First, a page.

There were several sessions that focused on 3D capture of historic objects and sites, and the value of documenting our changing world. This is one emerging side of cultural heritage digitization which shows incredible promise in capturing our collective, global cultural patrimony. Historic sites at risk due to political or economic instability, disaster and climate change can now be captured with a high degree of detail and accuracy. While these captures are no replacement for the originals, their use and distribution can help foster a sense of urgency to preserve these sites and it can help individuals across the world learn in a tactile way about these histories. It was heartening to hear a call for a review of file formats, metadata schema, digital preservation and an overall strategy for dealing with 3D capture. There aren’t currently any standards, so this is a crucial concern. After all, long-term access of this data will only be assured if information professionals turn their attention to effectively archiving these materials.
One presentation out of Finland, and another out of South Korea also pointed to searchability of digitized archival material as key as it pertains to access. The Digitalia Research Center has been working to create systems which will accurately and efficiently perform OCR on a variety of typeset and handwritten materials, in a variety of languages. In addition, their solutions are able to analyze the resulting data to determine keywords for processed materials. The research done in the audio archives of the National Archives of Korea reveals the value of speech recognition technology. Though manual intervention is often necessary with automated processes like this one, deep learning is being implemented on an experimental basis in an attempt to improve efficiency and accuracy. Both these automation projects underscore the value of cost-effective technologies that will provide improved access via search, and which will keep up with the incredible volume of archival materials we create.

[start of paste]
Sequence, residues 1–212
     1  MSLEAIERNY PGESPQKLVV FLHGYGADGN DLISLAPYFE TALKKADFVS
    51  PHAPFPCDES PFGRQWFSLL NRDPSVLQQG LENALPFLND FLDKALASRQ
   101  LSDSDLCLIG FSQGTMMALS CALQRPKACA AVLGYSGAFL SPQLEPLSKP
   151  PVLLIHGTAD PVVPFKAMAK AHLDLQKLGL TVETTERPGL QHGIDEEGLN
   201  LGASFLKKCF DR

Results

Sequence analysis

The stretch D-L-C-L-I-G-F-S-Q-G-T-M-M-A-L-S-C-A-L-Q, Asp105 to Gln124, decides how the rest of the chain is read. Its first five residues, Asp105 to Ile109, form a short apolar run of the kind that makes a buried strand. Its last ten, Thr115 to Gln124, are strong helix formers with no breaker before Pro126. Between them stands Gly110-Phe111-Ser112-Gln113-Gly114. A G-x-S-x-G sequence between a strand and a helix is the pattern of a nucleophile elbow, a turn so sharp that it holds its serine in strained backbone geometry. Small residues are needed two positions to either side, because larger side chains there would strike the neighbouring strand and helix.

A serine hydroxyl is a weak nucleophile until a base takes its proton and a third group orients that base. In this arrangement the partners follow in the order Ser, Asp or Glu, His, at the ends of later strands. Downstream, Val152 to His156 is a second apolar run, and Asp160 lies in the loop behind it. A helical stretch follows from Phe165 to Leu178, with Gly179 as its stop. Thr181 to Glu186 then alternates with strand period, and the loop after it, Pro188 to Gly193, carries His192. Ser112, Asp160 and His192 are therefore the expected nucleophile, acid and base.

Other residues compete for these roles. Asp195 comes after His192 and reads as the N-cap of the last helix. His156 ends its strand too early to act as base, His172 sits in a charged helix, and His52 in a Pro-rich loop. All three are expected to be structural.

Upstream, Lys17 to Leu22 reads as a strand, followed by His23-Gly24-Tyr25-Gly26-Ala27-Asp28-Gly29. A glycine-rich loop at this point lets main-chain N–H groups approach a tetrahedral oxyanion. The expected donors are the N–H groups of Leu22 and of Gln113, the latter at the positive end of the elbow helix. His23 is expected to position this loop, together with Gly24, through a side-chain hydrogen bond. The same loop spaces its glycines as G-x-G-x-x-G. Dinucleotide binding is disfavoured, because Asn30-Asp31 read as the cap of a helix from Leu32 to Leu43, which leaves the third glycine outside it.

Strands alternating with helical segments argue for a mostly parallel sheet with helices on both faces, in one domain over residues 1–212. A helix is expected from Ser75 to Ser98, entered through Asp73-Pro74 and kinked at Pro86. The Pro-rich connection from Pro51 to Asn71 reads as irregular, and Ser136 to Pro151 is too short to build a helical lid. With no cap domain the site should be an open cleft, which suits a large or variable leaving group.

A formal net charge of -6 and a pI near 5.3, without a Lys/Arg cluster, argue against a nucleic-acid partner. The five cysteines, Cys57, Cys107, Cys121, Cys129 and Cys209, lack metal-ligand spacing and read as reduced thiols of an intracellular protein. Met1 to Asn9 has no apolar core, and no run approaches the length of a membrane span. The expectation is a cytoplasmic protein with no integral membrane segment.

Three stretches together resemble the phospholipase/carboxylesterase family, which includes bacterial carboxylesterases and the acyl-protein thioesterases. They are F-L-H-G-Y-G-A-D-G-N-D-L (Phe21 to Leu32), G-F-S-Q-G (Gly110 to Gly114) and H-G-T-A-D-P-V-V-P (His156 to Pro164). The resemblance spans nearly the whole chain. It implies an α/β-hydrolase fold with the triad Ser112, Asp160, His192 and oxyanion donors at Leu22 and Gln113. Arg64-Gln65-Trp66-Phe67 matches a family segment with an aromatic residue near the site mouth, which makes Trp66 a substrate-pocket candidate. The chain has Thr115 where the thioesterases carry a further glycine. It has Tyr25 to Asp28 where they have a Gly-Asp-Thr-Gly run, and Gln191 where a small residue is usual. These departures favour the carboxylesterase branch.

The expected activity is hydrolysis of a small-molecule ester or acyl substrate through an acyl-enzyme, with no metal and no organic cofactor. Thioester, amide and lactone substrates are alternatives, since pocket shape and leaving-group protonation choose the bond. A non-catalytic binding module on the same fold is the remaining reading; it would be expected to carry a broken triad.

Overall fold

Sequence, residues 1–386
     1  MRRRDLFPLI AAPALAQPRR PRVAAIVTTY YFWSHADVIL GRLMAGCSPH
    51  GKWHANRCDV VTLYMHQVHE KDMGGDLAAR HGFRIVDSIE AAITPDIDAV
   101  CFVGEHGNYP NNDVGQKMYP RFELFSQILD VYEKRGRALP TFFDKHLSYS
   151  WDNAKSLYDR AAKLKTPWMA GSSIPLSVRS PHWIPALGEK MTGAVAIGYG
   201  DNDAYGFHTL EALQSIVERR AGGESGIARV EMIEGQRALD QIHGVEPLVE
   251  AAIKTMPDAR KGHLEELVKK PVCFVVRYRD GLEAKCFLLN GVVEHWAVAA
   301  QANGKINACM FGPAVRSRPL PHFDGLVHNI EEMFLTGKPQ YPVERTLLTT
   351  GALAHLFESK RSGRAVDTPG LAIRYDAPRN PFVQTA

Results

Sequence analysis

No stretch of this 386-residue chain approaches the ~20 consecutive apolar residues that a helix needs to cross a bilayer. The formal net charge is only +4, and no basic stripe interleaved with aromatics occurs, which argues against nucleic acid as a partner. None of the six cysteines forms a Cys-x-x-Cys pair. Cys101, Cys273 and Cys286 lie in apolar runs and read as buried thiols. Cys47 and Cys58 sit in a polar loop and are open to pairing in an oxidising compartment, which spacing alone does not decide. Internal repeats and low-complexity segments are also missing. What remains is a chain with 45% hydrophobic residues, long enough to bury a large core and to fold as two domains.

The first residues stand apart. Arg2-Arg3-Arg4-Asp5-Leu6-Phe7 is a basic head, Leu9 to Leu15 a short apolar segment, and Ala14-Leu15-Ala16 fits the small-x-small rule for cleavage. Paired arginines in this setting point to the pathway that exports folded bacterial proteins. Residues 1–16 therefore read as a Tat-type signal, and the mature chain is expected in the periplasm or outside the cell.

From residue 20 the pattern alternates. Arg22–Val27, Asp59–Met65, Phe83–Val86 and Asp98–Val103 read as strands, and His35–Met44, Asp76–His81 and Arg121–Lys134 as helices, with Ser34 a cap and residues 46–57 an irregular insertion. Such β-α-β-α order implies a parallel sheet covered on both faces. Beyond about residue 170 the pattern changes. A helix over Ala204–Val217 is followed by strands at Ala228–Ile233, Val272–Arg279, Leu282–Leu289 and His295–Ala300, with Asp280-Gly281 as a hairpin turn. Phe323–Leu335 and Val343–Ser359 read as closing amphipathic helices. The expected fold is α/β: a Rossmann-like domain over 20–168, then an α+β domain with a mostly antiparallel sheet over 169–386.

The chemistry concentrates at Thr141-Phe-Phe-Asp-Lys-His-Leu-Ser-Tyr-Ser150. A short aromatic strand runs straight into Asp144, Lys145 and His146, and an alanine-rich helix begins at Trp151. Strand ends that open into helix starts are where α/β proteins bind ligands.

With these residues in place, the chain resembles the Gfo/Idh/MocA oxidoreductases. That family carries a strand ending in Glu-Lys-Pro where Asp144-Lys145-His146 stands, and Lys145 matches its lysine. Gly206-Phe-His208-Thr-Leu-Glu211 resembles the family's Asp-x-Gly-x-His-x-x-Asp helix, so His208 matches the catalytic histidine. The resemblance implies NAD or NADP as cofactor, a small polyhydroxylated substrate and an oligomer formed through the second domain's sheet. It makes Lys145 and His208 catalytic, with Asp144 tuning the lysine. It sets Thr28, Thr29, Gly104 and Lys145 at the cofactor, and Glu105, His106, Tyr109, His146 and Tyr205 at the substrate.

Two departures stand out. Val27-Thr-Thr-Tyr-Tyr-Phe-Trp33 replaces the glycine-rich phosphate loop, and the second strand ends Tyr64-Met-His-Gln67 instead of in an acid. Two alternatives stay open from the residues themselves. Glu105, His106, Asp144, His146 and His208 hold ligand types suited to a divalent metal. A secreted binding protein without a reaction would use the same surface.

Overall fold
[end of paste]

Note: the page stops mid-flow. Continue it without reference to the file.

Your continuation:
A poster about the Echoes project, based out of the Netherlands, caught my interest as it pertains to cooperation and collaboration across institutions and countries. This effort is attempting to link data, and thus archival collections, through one unified system. Based on the Europeana portal of digital collections that pulls together cultural heritage material from scores of institutions across the continent, this system goes one step further to connecting collections across the globe. Through careful crosswalking of metadata, museums, archives, and libraries can add to a growing web of information. The data is transformed to LOD/RDF triples, and users can query or use maps as search interfaces (Netiv and Hasselo, 2018). Projects like this one point to the larger trend of linked data, and the necessity of international collaboration. It is easy to become overwhelmed by options when searching for or browsing information as a result of the sheer number of search engines and information portals. Consolidation of data, and enrichment from making connections is key to help cut down on information overload.
I left the conference considering how we might improve our processes and standards within the digitization program at our museum. This has yielded helpful conversations about progress and improvements, that should help to ensure we are producing accurate documentation of our collections for archival purposes. Beyond these implications, I keep reflecting on the presentations in relation to the value of archives. The physical materials and their digital surrogates have value when they are accessed. Access depends on preservation, searchability, and connections. This is where archivists come into play - they help to transform sheets of paper and digital files. Given the scope of impact within each of these projects presented during the conference, it’s crystallized in my mind the role information professionals play in connecting individuals, communities, and societies to unique, historical content.
Netiv, A. and Hasselo, W. (2018). ECHOES: Cooperation across heritage disciplines, institutions, and borders. Retrieved from http://blog.csuc.cat/wp-content/uploads/2018/04/Poster_Echoes_Archiving_2018_final_version.pdf